The following text is copyright 2004 by Network World, permission is hearby given for reproduction, as long as attribution is given and this notice is included.
By Scott Bradner
This column will be published the day before the Presedential election in the U.S. I hope that all of you who have registered to vote will do so and I hope that the predictions of a multi-month period of confusion before the winner is known prove to be overly pessimistic. I also hope that the worries about chaos, or worse, fraud with electronic voting machines also prove to be overly pessimistic. But even if the latter is the case this time I think it's only a matter of time before a crisis erupts in this area unless some basic changes are made.
Things have not gotten much better since I last wrote about this topic. (http://www.nwfusion.com/columnists/2004/0510bradner.html) In fact things such as the Pentagon's ill-fated vote-by Internet project (http://www.notablesoftware.com/Press/JDunbar.html) and the testimony by state elections officials in California and Florida show how hard it is to get officials to admit that there any possible problems here. Too many of these officials seem to be far more interested in simplicity than in accuracy or security. In addition, not a small number of them seem to be very interested in covering their tail after they believed the marketing hype from the voting machine vendors and bought millions of dollars worth of products that many observers are now questioning.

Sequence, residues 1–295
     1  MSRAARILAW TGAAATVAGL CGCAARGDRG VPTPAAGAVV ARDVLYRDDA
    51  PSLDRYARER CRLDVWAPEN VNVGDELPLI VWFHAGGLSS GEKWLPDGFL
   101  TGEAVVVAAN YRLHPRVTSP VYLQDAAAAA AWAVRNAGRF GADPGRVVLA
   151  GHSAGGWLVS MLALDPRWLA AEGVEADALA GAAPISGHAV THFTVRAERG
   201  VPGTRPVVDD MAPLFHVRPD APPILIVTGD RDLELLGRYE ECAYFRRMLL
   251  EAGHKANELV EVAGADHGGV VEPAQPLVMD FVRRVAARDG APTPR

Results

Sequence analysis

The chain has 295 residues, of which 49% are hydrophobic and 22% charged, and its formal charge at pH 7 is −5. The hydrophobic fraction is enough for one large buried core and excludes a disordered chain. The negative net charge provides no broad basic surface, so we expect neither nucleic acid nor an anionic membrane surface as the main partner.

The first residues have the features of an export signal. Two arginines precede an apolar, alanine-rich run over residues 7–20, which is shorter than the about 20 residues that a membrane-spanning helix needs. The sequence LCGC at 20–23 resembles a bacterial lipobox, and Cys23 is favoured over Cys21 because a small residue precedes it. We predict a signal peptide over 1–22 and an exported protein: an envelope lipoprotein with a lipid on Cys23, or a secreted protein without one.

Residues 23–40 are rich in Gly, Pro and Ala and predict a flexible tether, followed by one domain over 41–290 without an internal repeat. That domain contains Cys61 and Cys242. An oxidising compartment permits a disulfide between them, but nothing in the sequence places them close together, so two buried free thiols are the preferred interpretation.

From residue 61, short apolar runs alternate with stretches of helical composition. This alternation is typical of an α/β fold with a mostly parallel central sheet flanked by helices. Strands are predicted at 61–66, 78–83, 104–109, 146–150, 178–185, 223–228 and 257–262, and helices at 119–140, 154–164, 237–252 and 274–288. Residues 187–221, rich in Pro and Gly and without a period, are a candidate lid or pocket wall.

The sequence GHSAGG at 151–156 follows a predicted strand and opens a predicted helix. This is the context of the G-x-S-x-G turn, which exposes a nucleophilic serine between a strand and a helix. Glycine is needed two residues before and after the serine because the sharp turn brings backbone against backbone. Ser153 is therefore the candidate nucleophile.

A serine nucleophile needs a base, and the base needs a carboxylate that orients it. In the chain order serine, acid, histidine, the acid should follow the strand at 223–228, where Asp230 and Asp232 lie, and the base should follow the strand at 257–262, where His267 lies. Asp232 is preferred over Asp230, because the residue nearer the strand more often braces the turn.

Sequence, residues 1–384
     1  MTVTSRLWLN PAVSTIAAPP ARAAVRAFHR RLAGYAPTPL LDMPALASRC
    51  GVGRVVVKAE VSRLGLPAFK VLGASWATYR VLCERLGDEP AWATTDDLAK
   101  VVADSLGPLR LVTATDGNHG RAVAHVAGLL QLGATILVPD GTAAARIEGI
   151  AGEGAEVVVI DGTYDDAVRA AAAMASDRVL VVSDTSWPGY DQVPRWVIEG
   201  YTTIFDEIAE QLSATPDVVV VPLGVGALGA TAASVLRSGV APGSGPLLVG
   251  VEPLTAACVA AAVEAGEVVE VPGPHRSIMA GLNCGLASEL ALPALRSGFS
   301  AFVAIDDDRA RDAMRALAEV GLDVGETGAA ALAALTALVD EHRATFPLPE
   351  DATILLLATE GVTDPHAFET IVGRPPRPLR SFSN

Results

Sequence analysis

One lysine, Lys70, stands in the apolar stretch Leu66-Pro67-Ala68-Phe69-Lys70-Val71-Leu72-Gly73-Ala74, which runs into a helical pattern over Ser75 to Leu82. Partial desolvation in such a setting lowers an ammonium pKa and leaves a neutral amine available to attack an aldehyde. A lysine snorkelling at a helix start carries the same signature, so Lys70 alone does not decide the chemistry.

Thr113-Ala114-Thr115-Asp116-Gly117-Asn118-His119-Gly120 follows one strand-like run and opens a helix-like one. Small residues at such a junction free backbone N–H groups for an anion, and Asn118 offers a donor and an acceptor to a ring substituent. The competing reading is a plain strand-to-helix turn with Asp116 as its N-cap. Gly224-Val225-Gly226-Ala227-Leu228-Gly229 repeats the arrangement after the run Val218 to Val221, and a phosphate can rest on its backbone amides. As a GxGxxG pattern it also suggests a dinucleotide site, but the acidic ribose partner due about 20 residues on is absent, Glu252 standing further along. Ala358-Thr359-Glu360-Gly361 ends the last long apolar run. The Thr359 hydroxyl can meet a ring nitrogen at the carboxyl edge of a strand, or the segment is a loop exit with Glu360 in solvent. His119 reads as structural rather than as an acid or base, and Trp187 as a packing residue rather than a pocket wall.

Someday I do expect that a way will be figured out to support secure and reliable voting over the Internet that will, at the same time, preserve the secrecy of the vote. But, I expect that will take quite a bit of time to work out and even longer to convince people that it actually meets the criteria. Until then those of us who actually vote (not enough do, by the way) will have to go to a polling place or get an absentee ballot somehow. When doing so too many of us will be confronted by repackaged PCs masquerading as voting machines.
Since June the New Your Times has been running a series of editorials about voting in the U.S. (http://nytimes.com/ref/opinion/making-votes-count.html?pagewanted=all) The editorials, 19 to the date of this writing, covered the gambit of voting related issues (including some disturbing reasons why some election officials might be so willing to defend voting machines (http://www.nytimes.com/2004/09/12/opinion/12sun2.html?ex=1098763200&en=968d07860c7dce38&ei=5070) ). Demonstrating the importance of the issue, eight of the editorials concern electronic voting or voting machines.
The latest editorial provides a roadmap of what congress should do to "give us the democracy we deserve." (http://www.nytimes.com/2004/10/24/opinion/24sun1.html) Most of the specific suggestions deal with voting process rules but the last one calls for safeguards on electronic voting: "Mandatory safeguards, including a paper trail, for electronic voting. Election officials like to say that electronic voting is as secure as it can be, but that is false. Nevada regulators, for example, impose far more stringent checks on slot machines than any state does on electronic voting. Congress should impose much more rigorous safeguards, including a requirement that all computer code be made public. It should require that all electronic machines produce a voter-verified paper trail."
I hope that Congress pays attention to these recommendations. Maybe, four years from now, we will be able to go to the polls and not have to rely on the same kind of faith in trusting the machine we vote on as we have to in trusting the people we vote for on the machine.
disclaimer: I expect that Harvard's school for studying faith (the Divinity School) does not deal with faith in computers but I did not ask and the above is my own view.